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Michigan judge strikes down ban on open carry of guns at polling places on Election Day


Judge Christopher Murray granted the pro-gun-rights groups who filed the lawsuit a preliminary injunction, effectively reversing Benson’s October 16 order and eliminating a universal ban on the open carry of firearms at or within 100 feet of polling locations or absentee counting boards on Election Day.

Buildings like churches or schools that already have open carry restrictions will continue to have them.

Murray wrote that he ruled against the directive because it was not issued in accordance with the Administrative Procedures Act, which governs how new rules are made.

“The main issue as the Court sees it is the allegation that the directive violates the APA because it is a rule that was not promulgated through the act’s procedures,” Murray wrote.

The decision comes as the political atmosphere in the Great Lakes State grows increasingly toxic. The state, a Democratic stronghold in presidential elections for decades until it was won by President Donald Trump in 2016, has been in turmoil as it once again appears set to play a pivotal role in next week’s presidential election.

Benson’s order came about a week after federal investigators arrested and charged a group of individuals plotting to kidnap and assassinate the state’s Democratic governor, Gretchen Whitmer. The first-term governor has become a national figure with her executive orders meant to limit the spread of Covid-19. Gun-toting protesters have frequently held rallies at the Michigan Capitol building to speak out against the coronavirus restrictions, including one tense incident this spring when men carrying long guns entered the Capitol and stood in the state Senate gallery as lawmakers worked below.

Openly carrying a gun is legal in the state’s Capitol building, as it is in most of the state.

Trump has frequently made Whitmer a political target, criticizing her after the plot was revealed earlier this month and repeatedly speaking in support of the protests. After protesters stormed into the Capitol building with long guns in protest of the restrictions, Trump tweeted, “Liberate Michigan!” as a slight at Whitmer.

Murray pointed out that the directive goes beyond existing state law about where the open carry of firearms is banned, and therefore is a rule that needed to go through the rule-making process of the law.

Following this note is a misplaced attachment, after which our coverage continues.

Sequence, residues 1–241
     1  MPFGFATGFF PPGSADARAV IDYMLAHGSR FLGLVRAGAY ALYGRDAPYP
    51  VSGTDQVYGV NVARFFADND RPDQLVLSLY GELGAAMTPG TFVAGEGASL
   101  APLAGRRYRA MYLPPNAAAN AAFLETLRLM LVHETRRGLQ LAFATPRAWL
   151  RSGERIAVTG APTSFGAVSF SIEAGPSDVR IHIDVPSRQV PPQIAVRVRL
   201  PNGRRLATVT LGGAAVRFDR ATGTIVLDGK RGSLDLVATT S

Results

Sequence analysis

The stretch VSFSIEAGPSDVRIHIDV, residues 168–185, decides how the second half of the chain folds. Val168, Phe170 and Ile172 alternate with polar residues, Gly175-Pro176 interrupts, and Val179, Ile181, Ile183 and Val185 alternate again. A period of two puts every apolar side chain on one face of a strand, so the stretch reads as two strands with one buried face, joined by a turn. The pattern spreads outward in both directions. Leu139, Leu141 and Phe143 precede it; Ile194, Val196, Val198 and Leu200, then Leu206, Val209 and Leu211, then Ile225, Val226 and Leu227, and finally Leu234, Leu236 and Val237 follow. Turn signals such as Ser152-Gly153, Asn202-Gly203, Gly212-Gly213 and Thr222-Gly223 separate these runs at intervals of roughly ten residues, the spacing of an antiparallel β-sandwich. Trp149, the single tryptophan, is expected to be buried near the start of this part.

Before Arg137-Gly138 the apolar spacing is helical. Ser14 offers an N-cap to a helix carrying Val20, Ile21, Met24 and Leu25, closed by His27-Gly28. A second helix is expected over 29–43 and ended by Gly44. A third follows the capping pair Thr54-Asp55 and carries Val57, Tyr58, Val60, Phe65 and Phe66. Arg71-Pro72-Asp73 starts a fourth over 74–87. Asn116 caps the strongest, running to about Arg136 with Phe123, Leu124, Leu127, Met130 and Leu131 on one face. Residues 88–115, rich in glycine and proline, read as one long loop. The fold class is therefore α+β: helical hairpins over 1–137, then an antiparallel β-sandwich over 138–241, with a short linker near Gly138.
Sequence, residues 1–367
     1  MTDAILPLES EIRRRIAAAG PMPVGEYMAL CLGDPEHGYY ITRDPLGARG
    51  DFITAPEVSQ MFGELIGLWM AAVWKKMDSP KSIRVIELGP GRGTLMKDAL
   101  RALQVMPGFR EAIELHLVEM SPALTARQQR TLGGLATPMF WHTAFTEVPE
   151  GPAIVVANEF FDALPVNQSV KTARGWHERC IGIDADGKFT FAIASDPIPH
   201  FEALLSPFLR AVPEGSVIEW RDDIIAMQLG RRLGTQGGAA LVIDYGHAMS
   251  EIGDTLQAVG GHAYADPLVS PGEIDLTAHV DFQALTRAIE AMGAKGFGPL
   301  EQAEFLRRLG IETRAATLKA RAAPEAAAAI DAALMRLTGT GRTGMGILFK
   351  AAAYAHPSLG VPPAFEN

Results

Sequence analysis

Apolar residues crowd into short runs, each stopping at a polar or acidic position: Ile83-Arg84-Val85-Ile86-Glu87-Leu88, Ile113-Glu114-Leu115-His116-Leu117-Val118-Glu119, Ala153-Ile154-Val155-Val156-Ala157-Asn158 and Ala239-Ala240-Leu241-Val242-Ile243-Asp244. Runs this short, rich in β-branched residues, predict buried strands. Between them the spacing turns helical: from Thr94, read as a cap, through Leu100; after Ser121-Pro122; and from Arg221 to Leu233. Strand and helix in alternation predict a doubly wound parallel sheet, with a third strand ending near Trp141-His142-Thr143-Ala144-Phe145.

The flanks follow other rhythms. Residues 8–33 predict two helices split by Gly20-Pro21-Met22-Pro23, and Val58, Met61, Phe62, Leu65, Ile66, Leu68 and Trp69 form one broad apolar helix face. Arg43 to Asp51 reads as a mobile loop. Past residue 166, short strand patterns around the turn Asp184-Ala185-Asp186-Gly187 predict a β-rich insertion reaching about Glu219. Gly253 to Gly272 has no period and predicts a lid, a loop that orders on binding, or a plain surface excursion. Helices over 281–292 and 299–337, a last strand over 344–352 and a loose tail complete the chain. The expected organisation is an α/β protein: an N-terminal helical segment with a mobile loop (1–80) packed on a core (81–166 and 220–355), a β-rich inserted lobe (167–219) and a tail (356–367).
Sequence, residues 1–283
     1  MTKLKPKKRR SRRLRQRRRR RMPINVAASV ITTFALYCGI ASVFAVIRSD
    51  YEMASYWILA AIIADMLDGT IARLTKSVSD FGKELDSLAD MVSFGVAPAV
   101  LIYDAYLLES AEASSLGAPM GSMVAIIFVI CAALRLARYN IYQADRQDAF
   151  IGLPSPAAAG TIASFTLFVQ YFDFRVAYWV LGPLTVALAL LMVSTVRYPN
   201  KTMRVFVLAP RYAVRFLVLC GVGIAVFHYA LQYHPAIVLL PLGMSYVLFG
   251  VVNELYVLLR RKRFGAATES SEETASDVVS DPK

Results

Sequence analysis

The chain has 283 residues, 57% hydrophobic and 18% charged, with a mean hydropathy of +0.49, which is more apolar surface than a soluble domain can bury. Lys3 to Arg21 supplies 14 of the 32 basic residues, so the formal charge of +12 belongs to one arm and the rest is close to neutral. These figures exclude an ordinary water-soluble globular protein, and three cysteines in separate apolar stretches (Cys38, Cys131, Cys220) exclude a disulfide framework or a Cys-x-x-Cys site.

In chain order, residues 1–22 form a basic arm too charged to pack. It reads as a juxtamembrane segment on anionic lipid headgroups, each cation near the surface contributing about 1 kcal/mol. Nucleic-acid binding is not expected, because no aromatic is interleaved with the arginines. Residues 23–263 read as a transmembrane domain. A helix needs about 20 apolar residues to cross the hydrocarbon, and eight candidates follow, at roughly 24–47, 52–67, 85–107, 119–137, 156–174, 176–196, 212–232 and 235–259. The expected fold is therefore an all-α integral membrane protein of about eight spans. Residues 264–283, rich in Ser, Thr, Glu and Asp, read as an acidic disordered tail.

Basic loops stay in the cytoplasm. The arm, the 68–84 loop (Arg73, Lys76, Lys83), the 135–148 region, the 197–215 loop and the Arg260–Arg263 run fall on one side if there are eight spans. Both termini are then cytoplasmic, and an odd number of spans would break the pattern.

“A directive that is inconsistent with the law is not a directive but a rule requiring promulgation under the APA,” Murray wrote.

Although Murray acknowledged that Benson has supervisory responsibilities over the administration of elections, the secretary of state “does not address the legal issue of whether the directive must meet the requirements of the APA.”

Murray wanted to narrowly define his argument, writing, “The Court’s duty is not to act as an overseer of the Department of State, nor is it to impose its view on the wisdom of openly carrying firearms at polling places or other election locations,” making clear that his “constitutional role is properly limited to only declaring what the law is, not what it should be.”

Benson said in a statement that she will appeal the ruling.

“As the state’s Chief Election Officer I have a sworn duty to protect every voter and their right to cast their ballot free from intimidation and harassment. I will continue to protect that right in Michigan, and we will be appealing this ruling,” she said.

Michigan Attorney General Dana Nessel’s press secretary Ryan Jarvi said in a statement after the ruling was announced that “we intend to immediately appeal the judge’s decision as this issue is of significant public interest and importance to our election process.”

The decision to strike down Benson’s directive banning the open carry of guns came the same day that the Detroit branch of the NAACP announced that it has poll workers embedded across Wayne County, where Detroit is located, and a war room of attorneys ready to call out voter intimidation and potential threats of violence.

“This is no game and we are not playing,” said the Rev. Wendell Anthony, president of the Detroit branch of the NAACP.

Speaking about the potential threats of violence on Election Day, Anthony added, “We will oppose any voting suppression tactics used against the people of Detroit. Further, we will take to court and prosecute any individuals that we identify in violation of state and federal laws regarding our right to vote.”

Prior to the ruling, law enforcement officials across the state had questioned Benson’s directive.

Executive Director of the Michigan Association of Chiefs of Police Bob Stevenson previously told CNN that he believed the directive as it stood could not be enforced.

“As it stands right now, no, the directive cannot be enforced. And we say that based upon the fact that it’s an administrative directive,” Stevenson said. “I’m hoping and hopeful that the courts will resolve this for us.”

Executive Director of Michigan Sheriffs Association Matt Saxton had also raised questions to CNN about the directive, saying that there is “some concern” about whether law enforcement had the ability to enforce it.

“There is no law against open carry in the state of Michigan on the books,” Saxton told CNN.

Saxton said his team is advising the 83 local sheriffs across the state to work with their local prosecutors and local clerks to ensure the safety of everyone on Election Day.

This story has been updated with additional details and reaction.


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